Rodriguez et al v. Niagara Cleaning Services, Inc. et al

Filing 150

ORDER granting in part and denying in part 77 Defendants' Motion to Compel; granting in part and denying in part 91 Plaintiffs' Motion to Compel; denying 127 Defendants' Motion for Protective Order; granting 142 Plaintiffs' Motion to Compel; denying 146 Defendants' Motion for Protective Order. Signed by Magistrate Judge Andrea M. Simonton on 6/24/2010. (par)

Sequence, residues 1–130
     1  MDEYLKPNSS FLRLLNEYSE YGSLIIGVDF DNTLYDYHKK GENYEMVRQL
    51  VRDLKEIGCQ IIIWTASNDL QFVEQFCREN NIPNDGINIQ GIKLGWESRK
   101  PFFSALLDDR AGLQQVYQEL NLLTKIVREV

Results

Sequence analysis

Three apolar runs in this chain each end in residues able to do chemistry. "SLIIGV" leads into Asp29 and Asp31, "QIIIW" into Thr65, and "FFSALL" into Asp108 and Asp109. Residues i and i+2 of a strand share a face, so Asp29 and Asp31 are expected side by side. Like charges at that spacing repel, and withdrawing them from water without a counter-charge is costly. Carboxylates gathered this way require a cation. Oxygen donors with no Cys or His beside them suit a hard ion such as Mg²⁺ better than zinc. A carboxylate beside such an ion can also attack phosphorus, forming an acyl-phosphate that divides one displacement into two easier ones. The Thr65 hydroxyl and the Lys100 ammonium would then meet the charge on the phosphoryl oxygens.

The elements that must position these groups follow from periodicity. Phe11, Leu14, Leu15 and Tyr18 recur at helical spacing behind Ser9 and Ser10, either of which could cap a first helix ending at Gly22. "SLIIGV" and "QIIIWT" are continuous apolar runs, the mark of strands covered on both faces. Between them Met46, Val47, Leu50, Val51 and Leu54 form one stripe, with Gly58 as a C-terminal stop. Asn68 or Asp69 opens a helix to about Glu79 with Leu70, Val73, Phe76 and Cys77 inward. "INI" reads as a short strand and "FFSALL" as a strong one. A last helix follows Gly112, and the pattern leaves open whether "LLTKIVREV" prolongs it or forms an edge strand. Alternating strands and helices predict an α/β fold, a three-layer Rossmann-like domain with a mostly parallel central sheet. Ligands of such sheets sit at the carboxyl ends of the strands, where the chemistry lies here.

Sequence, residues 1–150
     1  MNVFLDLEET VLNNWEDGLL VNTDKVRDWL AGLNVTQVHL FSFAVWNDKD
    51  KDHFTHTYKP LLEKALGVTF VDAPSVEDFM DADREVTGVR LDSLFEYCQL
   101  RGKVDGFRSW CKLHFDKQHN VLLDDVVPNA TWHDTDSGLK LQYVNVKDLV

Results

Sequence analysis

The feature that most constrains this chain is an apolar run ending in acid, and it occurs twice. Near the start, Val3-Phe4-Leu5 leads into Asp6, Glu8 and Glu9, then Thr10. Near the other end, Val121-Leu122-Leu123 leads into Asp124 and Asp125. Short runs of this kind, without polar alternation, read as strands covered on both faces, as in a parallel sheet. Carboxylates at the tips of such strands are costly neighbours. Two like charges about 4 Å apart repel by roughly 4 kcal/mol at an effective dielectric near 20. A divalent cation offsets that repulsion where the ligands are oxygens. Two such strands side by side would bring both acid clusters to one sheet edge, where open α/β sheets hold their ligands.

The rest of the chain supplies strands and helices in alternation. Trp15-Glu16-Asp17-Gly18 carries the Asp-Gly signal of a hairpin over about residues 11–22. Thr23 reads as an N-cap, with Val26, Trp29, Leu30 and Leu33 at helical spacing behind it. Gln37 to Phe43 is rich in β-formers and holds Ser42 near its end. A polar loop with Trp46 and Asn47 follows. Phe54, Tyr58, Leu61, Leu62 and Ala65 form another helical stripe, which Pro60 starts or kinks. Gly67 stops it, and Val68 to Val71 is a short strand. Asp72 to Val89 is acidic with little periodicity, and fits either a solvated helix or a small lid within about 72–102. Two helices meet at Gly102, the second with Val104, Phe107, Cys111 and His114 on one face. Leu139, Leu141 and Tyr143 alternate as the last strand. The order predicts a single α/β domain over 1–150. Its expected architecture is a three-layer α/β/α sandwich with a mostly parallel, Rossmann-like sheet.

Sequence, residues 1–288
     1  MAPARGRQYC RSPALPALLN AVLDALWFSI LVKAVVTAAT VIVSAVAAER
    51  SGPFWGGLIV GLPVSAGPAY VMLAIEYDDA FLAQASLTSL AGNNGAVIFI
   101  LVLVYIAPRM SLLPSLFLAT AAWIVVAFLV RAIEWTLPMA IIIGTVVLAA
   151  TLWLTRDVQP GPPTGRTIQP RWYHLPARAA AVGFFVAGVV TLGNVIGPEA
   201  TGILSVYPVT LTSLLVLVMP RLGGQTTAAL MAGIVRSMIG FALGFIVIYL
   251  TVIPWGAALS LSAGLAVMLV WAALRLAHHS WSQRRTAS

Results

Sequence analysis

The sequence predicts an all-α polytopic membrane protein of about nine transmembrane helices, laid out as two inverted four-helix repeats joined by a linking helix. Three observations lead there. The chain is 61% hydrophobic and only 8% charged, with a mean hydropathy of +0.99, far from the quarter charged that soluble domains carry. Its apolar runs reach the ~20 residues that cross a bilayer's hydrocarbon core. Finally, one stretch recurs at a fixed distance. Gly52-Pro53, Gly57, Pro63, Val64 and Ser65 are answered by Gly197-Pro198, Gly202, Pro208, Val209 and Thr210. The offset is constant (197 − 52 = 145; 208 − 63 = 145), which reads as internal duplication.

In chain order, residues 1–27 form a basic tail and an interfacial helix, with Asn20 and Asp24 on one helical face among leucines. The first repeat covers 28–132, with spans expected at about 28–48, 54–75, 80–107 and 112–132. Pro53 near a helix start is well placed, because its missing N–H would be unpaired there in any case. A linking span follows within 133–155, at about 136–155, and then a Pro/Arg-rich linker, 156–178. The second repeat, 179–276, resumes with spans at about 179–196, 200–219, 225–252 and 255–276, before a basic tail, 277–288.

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UNITED STATES DISTRICT COURT SOUTHERN DISTRICT OF FLORIDA CASE NO. 09-22645-CIV-UNGARO/SIMONTON CILIA RODRIGUEZ, et al., Plaintiffs, v. NIAGARA CLEANING SERVICES, INC., Defendant. / ORDER ON DISCOVERY MOTIONS Presently pending before the Court are Defendants' Motion to Compel Better Discovery Responses and Unredacted Copies of "Consents to Join" from Plaintiffs, and For Sanctions (DE # 77); Plaintiffs' Motion to Compel Responses to Plaintiffs' Second Set of Interrogatories and Second Request for Production of Documents (DE # 91); Defendants' Motion for Protective Order pertaining to Plaintiffs' First Request for Inspection of Premises and Electronic Information to Ritz Coconut Grove (DE # 127) Plaintiffs' Motion to Compel Last Name and Last Known Address of Relevant Witnesses (DE # 142); and, Defendants' Motion for Protective Order From Duplicative Corporate Representative Deposition (DE # 146). The Parties have filed Responses to the respective Motions, excepting Defendants' Motion for Protective Order which was not filed until June 16, 2010. The Motions have been referred to the undersigned Magistrate Judge (DE ## 78, 92, 130, 143, 147). A hearing was held on the Motions on June 21, 2010.1 Plaintiffs' Motion to Compel Response to Third Party Subpoena Duces Tecum Without Depositions to DC Hotels, LLC and MDM Brickell Hotel Group, LTD. (DE # 121) and Plaintiffs' Motion to Compel Response to Third Party Subpoena Duces Tecum Without Depositions to ADP Totalsource FL. (DE # 125) were also heard at the June 21, 2010 hearing. Those Motions were ruled on from the bench with their rulings memorialized by the undersigned in separate orders. 1 Throughout the hearing, the undersigned ruled on several of the pending Motions. This Order incorporates the rulings made at that hearing, and rules on the remaining issues raised in those Motions. I. BACKGROUND This is an FLSA case initiated by two Plaintiffs, Cilia Rodriguez and Alexander Lopez, against the Defendants Niagara Cleaning Services, Inc., Angelica Restrepo and Hector Mesa, individually, alleging violations of the Fair Labors Standards Act, 29 U.S.C. 201, et seq. ("FLSA") (DE # 1). According to the Amended Complaint, the Plaintiffs w ere subcontracted as housekeepers, laundry workers and other hotel hospitality employees to various hotels by the Defendant Niagara Cleaning Services, Inc. ("Niagara") but were not properly compensated for work completed in excess of forty hours a week as required by the FLSA (DE # 19). As of the date of this Order, there are thirty-five total Plaintiffs in this action; Cilia Rodriguez and Alexander Lopez, the original Plaintiffs, and thirty-three additional Plaintiffs who have now joined this action. The discovery process in this FLSA matter has been relatively contentious thereby prompting the litigants to file multiple discovery motions. Thus, upon setting a hearing on the outstanding discovery motions, the undersigned ordered the Parties to file a Joint Status Report prior to the hearing in an effort to streamline the issues presented to the Court for oral argument. On May 24, 2010, the Parties filed a Joint Status Report on Outstanding Discovery Issues (DE # 135), which set forth the discovery issues that still remained in dispute between the Parties. Thereafter, two additional discovery motions were filed: Plaintiffs' Motion to Compel Last Name and Last Known Address of Relevant Witnesses (DE # 142); and, Defendants' Motion for Protective Order From Duplicative Corporate Representative Deposition and Response in Opposition to 2 Plaintiffs' Motion to Compel Last Name and Last Known Address of Relevant Witness (DE # 146). At the hearing, the Court heard argument from both Parties on all pending discovery motions. II. PENDING MOTIONS A. Defendants' Motion to Compel Better Discovery Responses and Unredacted Copies of "Consents to Join" (DE # 77) Defendants filed this Motion seeking to compel the Plaintiffs to provide additional discovery related to a number of issues (DE # 77). Plaintiffs filed an Opposition to the Defendants' Motion (DE # 90) and Defendants filed a Reply (DE # 94). However, as indicated in the Joint Status Report on Discovery, at the time of the hearing, the Parties had resolved several of the issues raised in that Motion and the only issues that remained were whether the Plaintiffs should be ordered to: 1) provide responses to the Defendants' discovery requests for all of the Plaintiffs including the opt-in Plaintiffs or just for the original Plaintiffs; 2) produce unredacted "Consent to Join" Forms, and 3) provide better answers to Defendants' Interrogatories Numbers 11 and 12. 1. Discovery Responses from Opt-In Plaintiffs In the Motion and at the hearing, the Defendants asserted that all opt-in Plaintiffs should be required to respond to the Defendants' discovery requests. According to the Defendants, only five of the Plaintiffs in the action provided substantive responses to the Defendants' discovery requests and the Plaintiffs objected to providing discovery responses on behalf of the other opt-in Plaintiffs. In Response, the Plaintiffs contended that discovery of each Plaintiff is not proper in this FLSA collective action, particularly when the Plaintiffs intend to introduce representative testimony of the Plaintiffs' claims at trial. In addition, the Plaintiffs 3 argued that the Defendants' request for discovery from all Plaintiffs constituted harassment and was likely to alter class membership (DE # 77-3). Further, the Plaintiffs asserted that the opt-in Plaintiffs would be unable to complete the discovery without the assistance of counsel and would effectively deter those Plaintiffs from pursuing this action. The Plaintiffs did, however, agree to provide sworn statements from each Plaintiff providing information on the places and hours worked and a copy of a photo identification for each Plaintiff. In addition, at the hearing, the Plaintiffs argued that they have already provided much of the information that the Defendants sought in their discovery requests and that the Plaintiffs objected to the other requested discovery because it is overly burdensome. The Defendants argued that this is a highly individualized case and stated that the Defendants need to depose the individual Plaintiffs to, among other things, establish w hen the work week began for each of the Plaintiffs, which is information that is necessary for trial in this matter. In addition, the Defendants argued that they are in need of other requested information about the Plaintiffs including prior law suits and criminal history because those things may provide evidence related to the Plaintiffs' credibility. As stated at the hearing, for the following reasons, the undersigned finds the Defendants' arguments persuasive. First, in this case, there are fewer than thirty opt-in Plaintiffs and the Plaintiffs have failed to demonstrate that it would be overly burdensome for the Plaintiffs to respond to the Defendants' discovery requests. This is particularly so because the Defendants propounded relatively few interrogatories that requested relevant and basic information. In addition, the Defendants have provided legitimate reasons for needing this discovery. The Defendants are clearly entitled to 4 know which hotels and for how many hours the Plaintiffs claim they worked. In addition, prior involvement in other FLSA litigation may well be relevant to the allegations raised by a Plaintiff herein. Thus, individual discovery for each of the Plaintiffs is appropriate in this matter. Accord Daniel v. Quail Int'l, 2010 WL 55941 (M.D. Ga. Jan. 5, 2010) (allowing individual discovery in 36 plaintiff FLSA action). But See Morales-Arcadio v. Shannon Produce Farms, Inc., 2006 WL 2578835 (S.D. Ga. Aug. 28, 2006) (denying defendants discovery on each of the 45 opt-in plaintiffs beyond the original 15 plaintiffs in FLSA action, where plaintiffs planned to use representative testimony and defendants failed to show need for additional discovery). In addition, the Plaintiffs objected to the production of certain information related to the Plaintiffs' immigration status. The Plaintiffs contend that they should not have to provide any information related to the Plaintiffs' immigration status because such information is irrelevant to claims brought pursuant to the FLSA and also because producing such information will serve to dissuade certain Plaintiffs from pursuing this a c t ion. The Defendants countered that such information is necessary to establish the identity of the Plaintiffs. Specifically, the Defendants asserted that it is necessary to verify that each person who is a Plaintiff in this action is actually who they claim to be, that they have not worked under another name and that they have, in fact, worked for Niagara. However, at the hearing, the Defendant was unable to provide a reason why the identity of the Plaintiffs could not be established through the production of a government issued photo identification. Further, as correctly pointed out by the Plaintiffs in their Opposition to the Defendants' Motion to Compel, courts that have examined this issue have nearly 5 unanimously found that defendants typically are not entitled to information related to the immigration status of plaintiffs seeking FLSA relief. See Zeng Liu v. Donna Karan Int'l., 207 F. Supp.2d 191 (S.D.N.Y. 2002); Villareal v. El Chile, Inc., 2010 WL 725557 (N.D. Ill. March 1, 2010). Rather, courts have held that the likely prejudice of allowing disclosure of the plaintiff's immigration status outweighs the benefits to the defendants, absent some particularized reason for the information. See Romero-Hernandez v. Alexander, 2009 WL 1809484 (N.D. Miss. June 24, 2009). The Defendants in this case have not provided any particular reason for needing information related to the Plaintiffs' status other than to ascertain the identity of the Plaintiffs. Therefore, in this case, the Defendants are not entitled to discovery which reflects the immigration status of the Plaintiffs. If however, during the course of discovery or of trial preparations the Defendants determine that additional information related to the immigration status is particularly relevant to this action, the Defendants may again seek relief from the Court in this regard. Thus, the Defendants' Motion to Compel on the issue of production of documents related to the Plaintiffs' immigration status is denied, without prejudice to refile based upon a good faith belief that information related to the Plaintiffs' immigration status is particularly relevant to this action. 2. Unredacted Consent to Join Forms Defendants have also requested that the Plaintiffs be compelled to produce unredacted consent to join forms which reveal the Plaintiffs' Social Security numbers. The Defendants argue that they are entitled to the Plaintiffs' Social Security numbers to establish identity and to also determine whether a worker worked under two different names but under only one Social Security number. The Defendants assert that this information is therefore significant in this FLSA case to calculate the number of hours 6 that one person worked in a given work week. The Plaintiffs raised the same objections to the production of their Social Security numbers as they did for the production of information that revealed the Plaintiffs' immigration status. Specifically, the Plaintiffs assert that revealing their Social Security numbers is another way for the Defendants to ascertain the Plaintiffs' immigration status and to effectively dissuade the Plaintiffs from pursuing this FLSA action for fear that they will be reported to the Immigration and Naturalization Service (INS) in retaliation for filing this action. After hearing arguments from both Parties on this issue at the hearing, the undersigned stated that she would take this issue under advisement. Based upon a review of the record as a whole and considering the arguments advanced by the Parties at the hearing, the undersigned concludes that under the specific facts of this case, the Plaintiffs should produce the unredacted copies of the Consent to Join Forms. In particular, by all accounts, many of the Plaintiffs executed the Court-approved Consent to Join Forms which included a space for the Plaintiffs to provide their Social Security numbers. The Plaintiffs then filed with the Court and produced to the Defendants the completed Consent to Join Forms with the Social Security information redacted from those forms. However, as stated above, the Consent to Join Forms were Court-approved in the Court's Order on Plaintiffs' Motion for Conditional Certification of an FLSA Collective Action issued on December 3, 2009 (DE # 25). That Order incorporated the proposed Consent to Join Form submitted by the Plaintiffs in their Reply to the Motion for Conditional Certification and included a line for the prospective Plaintiffs' Social Security Number (DE # 20-2). Similarly, the Plaintiffs' initial proposed Consent to Join Form submitted in the Motion for Conditional Certification also provided a space for the 7 Plaintiffs' Social Security number (DE # 6-5). Thus, the Court-approved Consent to Join Form which requires the Plaintiffs to provide their Social Security Number was consented to by the Plaintiffs and is now part of the Court's Order regarding additional Plaintiffs joining this Action. Accordingly, the Plaintiffs may not unilaterally alter the Court's Order by redacting portions of the Consent to Join Form. Therefore the undersigned directs the Plaintiffs to provide the unredacted Consent to Join Forms to the Defendants. However, the Social Security numbers of the Plaintiffs revealed in the "Consent to Join" forms may not be used by the Defendants or the Defendants' Counsel for any purpose outside of this litigation. 3. Interrogatories 11 and 12 The Defendants seek to compel better answers to these two Interrogatories which w ere answered on behalf of the original five Plaintiffs: Cilia Rodriguez, Alexander Lopez, Diego Gonzalez, Vicky Lara and Delmy Corea. Defendants asserted that the Plaintiffs failed to provide sufficient information requested in these Interrogatories. Specifically, Interrogatory 11 requested the Plaintiffs to identify documents that supported the factual statements contained in the answers to interrogatories, and Interrogatory 12 requested that the Plaintiffs identify documents that support the allegations contained in the Amended Complaint. The Plaintiffs objected that they could not fully answer these interrogatories because discovery was not complete and some of the information was in the control of the Defendants (DE # 77 at 10-12). The Plaintiffs also objected to the use of legal terms and the request for any information related to the Plaintiffs' immigration status. The Plaintiffs did respond by referring to certain documents for each of the five original Plaintiffs (DE # 77 at 11). In those responses, the Plaintiffs referenced the applications filled out by the Plaintiffs and certain time sheets and tax records. The 8 Plaintiffs argue that they have sufficiently responded to the Interrogatories. However, as discussed above, the Defendants are entitled to full answers to the discovery requests to the extent that the information disclosed in those responses do not require the Plaintiffs to provide information that discloses their immigration status. B. Plaintiffs' Motion to Compel Responses to Plaintiffs' Second Set of Interrogatories and Second Request for Production of Documents (DE # 91) In the Joint Status Report on Outstanding Discovery Issues, the Parties indicated that several of the discovery disputes had been resolved based upon the agreement that the Defendants would provide additional responsive documents on or before June 2, 2010 (DE # 135 at 3). At the hearing, the Plaintiffs asserted that the Defendants failed to provide the information by that date. However, the Defendants stated that they had produced some documents and that they were willing to provide the remaining information that they had agreed to produce. The Defendants shall therefore provide the agreed to information by noon on June 24, 2010. As to the issues that the Parties stated remained in dispute, and consistent with the undersigned's rulings at the hearing on those issues, the Defendants shall provide supplemental responses to the Plaintiffs' discovery requests as follows: 1. Interrogatories Interrogatory No. 1 requested the identity and contact information for people having information about facts of this case. In their Response to the Interrogatory, the Defendants only provided the names of the individual Defendants and generally referred to corporate representatives for the hotels where the Plaintiffs claimed to have worked. The Defendants failed to raise any objection to the Interrogatory and failed to provide a 9 sufficiently detailed response to this Request. However, at the hearing the Defendants stated that they had provided additional information in response to this request and had produced all of the names of the persons with knowledge of the facts of this action that w ere known to them. Thus, the Defendants have no additional information to supplement this Interrogatory. However, the Defendants shall nevertheless verify that they have identified the appropriate persons at the hotel properties where the Plaintiffs w ere dispatched, including those persons who, although not corporate representatives of the hotel, contacted or communicated with Niagara regarding the placement of Niagara workers at the particular hotel property. If information regarding the names and addresses of those persons if discovered, the Defendants shall supplement their Response to this Interrogatory, accordingly. Interrogatory No. 2 requested the substance of the knowledge that the witnesses identified in Interrogatory No. 1 have related to this action. Again, the Defendants indicated that they provided additional information relevant to this request, however, to the extent that the Defendants supplement their answer to Interrogatory No. 1, they must also provide corresponding additional information responsive to this Interrogatory. Interrogatory No. 9 requests information about those persons who have custody or control over certain documents, photographs and other materials that contain relevant information to any fact raised in this case. The Defendants failed to raise a proper objection to this request and failed to provide an adequate answer because they merely referred the Plaintiffs to the answer provided to Interrogatory No. 1 which was deemed to be inadequate. However, at the hearing, the Defendants stated that they had provided all of the information they had regarding this Request. Thus, the Defendants shall again verify that any person with knowledge of any of the requested materials, has 10 been identified as required in interrogatory No. 1 and then identify those persons in response to this interrogatory, if appropriate by noon on Thursday, June 24, 2010. The identification of persons with knowledge of the documents relevant to this action should include, but is not limited to those persons who prepared employment applications, employment schedules and who were otherwise involved in the preparation or maintenance of documents that were used in providing the Plaintiffs to the hotel entities. Similarly, Interrogatory No. 11 which requests the identity of other entities that the Defendant believes may have liability in this matter, was not answered by the Defendants in a meaningful way and the Defendants have not raised a valid objection to the request. Rather, the Defendants reiterated at the hearing that all of the hotels at which the Plaintiffs work could be liable in this action. Thus, as determined at the hearing, the Defendants, must provide the hotel names and addresses where the Plaintiffs, including the opt-in Plaintiffs, worked that the Defendants contend may have liability due to the w ork performed by the Plaintiffs at those properties. The Defendants must ensure that they supplement this Interrogatory to the extent that it provides additional information related to the hotel sites where the opt-in Plaintiffs worked. 2. Requests For Production At the hearing, the Parties also indicated that they were unable to resolve certain issues related to the Plaintiffs' Request for Production of Documents. After hearing the arguments of the Parties on the unresolved issues, at the hearing, the Defendants were directed to respond to certain of the Plaintiffs' request for Production, as follows: In response to Request for Production number 2, which requests any and all w ritten or recorded statements about the Plaintiffs related to this lawsuit, the Defendants stated that they have no additional recorded statements other than those statements 11 made by the Plaintiffs on their work applications, which the Defendants have already produced to the Plaintiffs. Thus, the issues raised in this Request are moot as the Defendants have produced all responsive documents. In response to Request for Production Numbers 20 and 21 which seek information related to prior claims and law suits against the Defendants, the Defendants stated that all responsive documents were public record. However, as stated at the hearing, the undersigned does not agree with the Defendants' assessment and moreover, the responsive documents are easily accessible to the Defendants. Therefore, the Defendants must produce, prior to the Corporate Representatives' deposition, responsive documents. However, the Defendants do not have to produce documents responsive to these requests if the plaintiffs in the action were represented by the Plaintiffs' Counsel herein. In response to Request for Production Number 23, the Defendants must produce the contracts between the Defendants and the hotels or business where the invoices for the Plaintiffs worked, to the extent that those contracts have not already been provided. Again, the Defendants must ensure that the contracts for the Opt-In Plaintiffs are also produced in response to this Request. In Response to Request for Production Number 24, which requests copies of communications between the Defendants and third parties reflecting the duties and assignments of the hospitality workers provided by the Defendants to the hotels, the Defendants must produce communications regarding work performed by the Plaintiffs, including the Opt-In Plaintiffs as well as, communications related to the job assignments, duties, hours and compensation for those Plaintiffs. These communications must only be produced for those hotel entities where no contract 12 between the Defendants and the hotels has been provided to the Plaintiffs. C. Defendants' Motion for Protective Order pertaining to Plaintiffs' First Request for Inspection of Premises and Electronic Information to Ritz Coconut Grove (DE # 127) The Defendants filed this Motion seeking a protective order pertaining to the Plaintiffs' subpoena directed to a Third Party requesting to inspect the premises and electronic information at the Ritz Coconut Grove, a hotel where several of the Plaintiffs w orked. Defendants argue that Plaintiffs are actually attempting to search a computer and a file cabinet belonging to Niagara that are housed at the Ritz Coconut Grove Hotel. Plaintiffs conceded that they want to create a mirror image of the hard drive of Niagara's computer and also search a file cabinet at the Ritz which the Plaintiffs did not become aware of until the Defendants filed an affidavit in response to a Court Order regarding the initial subpoena issued to the Ritz (DE # 120-1 at 5). According to the Plaintiffs, Defendant Restrepo has indicated that she does not know the contents of the file cabinet but explained that the computer was used to collect sign in and out data for Niagara w orkers at the Ritz. At the hearing, the Defendants contended that the information contained on the laptop and in the file cabinet at the Ritz were not relevant to the instant action although Counsel for the Defendant was unable to state what information was contained on the computer or in the file cabinet. In addition, the Defendants were unable to confirm definitively that the laptop and file cabinet had been searched in an effort to respond to the Plaintiffs' request for information related to this action. Further, at the hearing, the Plaintiffs' Counsel stated that in her deposition, Ms. Restrepo stated that the computer had been installed at the Ritz because of the difficulties the workers had in clocking in and out at that Hotel. 13 Accordingly, as ruled by the undersigned at the hearing, given that it is unclear w hether the Defendants adequately searched the computer and file cabinet for possibly relevant information in response to the Plaintiffs' discovery requests, the Defendants must allow the Plaintiffs to inspect the computer and file cabinet. To that end, the Parties are directed to conduct a joint examination of the computer and file cabinet on or before June 24, 2010. Prior to that joint examination, the Defendants shall advise the Plaintiffs of the type of software on the computer and how it may be accessed. D. Plaintiffs' Motion to Compel Last Name and Last Known Address of Relevant Witnesses (DE # 142) The Plaintiffs filed this Motion seeking to compel the Defendants to provide the last Name and last known address of two former employees of Niagara whose identities w ere made known to the Plaintiffs' Counsel on June 1, 2010 at the deposition of one of the Opt-In Plaintiffs. The Defendants have objected to producing this information because they assert that the Plaintiffs' Counsel should have known about both w itnesses prior to June 1, 2010 based upon conversations with the Plaintiffs. How ever, the Defendants' argument fails because the Plaintiffs have requested the disclosure prior to the close of discovery and by all accounts requested the information almost immediately after the witnesses were identified. In addition, the w itnesses likely should have been disclosed by the Defendants in their responses to the Plaintiffs' discovery requests which included a request for the names and contact information of all persons who had knowledge of the facts of this case. Thus, as ordered at the hearing, the Plaintiffs' Motion to Compel this information is granted. The Defendants shall provide the last names and last known addresses of the two witnesses identified as "Susana" and "Marcelo" as identified in the Plaintiffs' Motion to Compel 14 (DE # 142) by noon on June 25, 2010. E. Defendants' Motion for Protective Order From Duplicative Corporate Representative Deposition(DE # 146) Defendants filed this Motion asserting that the Plaintiffs had already taken the deposition of the individual Defendants, Angelica Restrepo and Hector Mesa, in this matter who are the same people who are the Corporate Representatives for Niagara. The Defendants contend that therefore allowing the Plaintiffs to proceed with the deposition of the Corporate Representative that was unilaterally scheduled by the Plaintiff for June 25, 2010, would improperly permit the Plaintiff to have a second opportunity to depose the same person twice in this action. The Defendants concede that neither of the individual Defendants was designated as the Niagara Corporate Representative at the time that their depositions were taken. Thus, as stated at the hearing, the Defendants have not identified and the undersigned is not aware of any rule that prevents a party from taking the deposition of a corporate representative simply because a deposition was previously taken of the same person as an individual defendant when that person was not identified as a corporate representative at the first deposition. In other words, because neither Ms. Restrepo nor Mr. Mesa were designated as Niagra's Corporate Representative at the time of their individual depositions, they were not deposed in that capacity and cannot prevent the Plaintiffs from conducting the deposition of the Niagara Corporate Representative on that ground. Therefore, the Defendant's Motion for Protective Order is DENIED. Accordingly, it is ORDERED AND ADJUDGED the Defendants' Motion to Compel better discovery Responses and Unredacted Copies of "Consents to Join" (DE # 77) is 15 GRANTED, in part, and DENIED, in part. The Plaintiffs shall provide discovery responses to the Defendants' discovery requests for all of the Plaintiffs, including the Opt-in Plaintiffs, to the extent that those requests do not require the Plaintiffs to provide information which reveals the Plaintiffs' immigration status. Rather, the Plaintiffs shall produce a government issued photo identification to the Defendants in order to establish their identities. To the extent that the Defendants' Motion to Compel seeks additional identifying information related to the Plaintiffs' immigration status, that request is denied w ithout prejudice to renew if appropriate based upon the facts of this case. It is further ORDERED AND ADJUDGED that the Plaintiffs shall produce unredacted copies of the Consent to Join forms to the Defendants. However, Plaintiffs' Social Security numbers produced to the Defendants is restricted and shall only be used for purposes of litigating the instant action. It is further ORDERED AND ADJUDGED that the Plaintiffs' Motion to Compel Responses to Plaintiffs' Second Set of Interrogatories and Second Request for Production of Documents (DE # 91) GRANTED, in part, as set forth herein. It is further ORDERED AND ADJUDGED that the Defendants' Motion for Protective Order pertaining to Plaintiffs' First Request for Inspection of Premises and Electronic Information to Ritz Coconut Grove (DE # 127) is DENIED. It is further ORDERED AND ADJUDGED that the Plaintiffs' Motion to Compel Last Name and Last Known Address of Relevant Witnesses (DE # 142) is GRANTED. It is ORDERED AND ADJUDGED Defendants' Motion for Protective Order From Duplicative Corporate Representative Deposition an Response in Opposition to 16 Plaintiffs' Motion to Compel Last Name and Last Known Address of Relevant Witness (DE # 146) is DENIED. DONE AND ORDERED in chambers in Miami, Florida on June 24, 2010. ANDREA M. SIMONTON UNITED STATES MAGISTRATE JUDGE Copies furnished via CM/ECF to: The Honorable Ursula Ungaro United States District Judge All counsel of record 17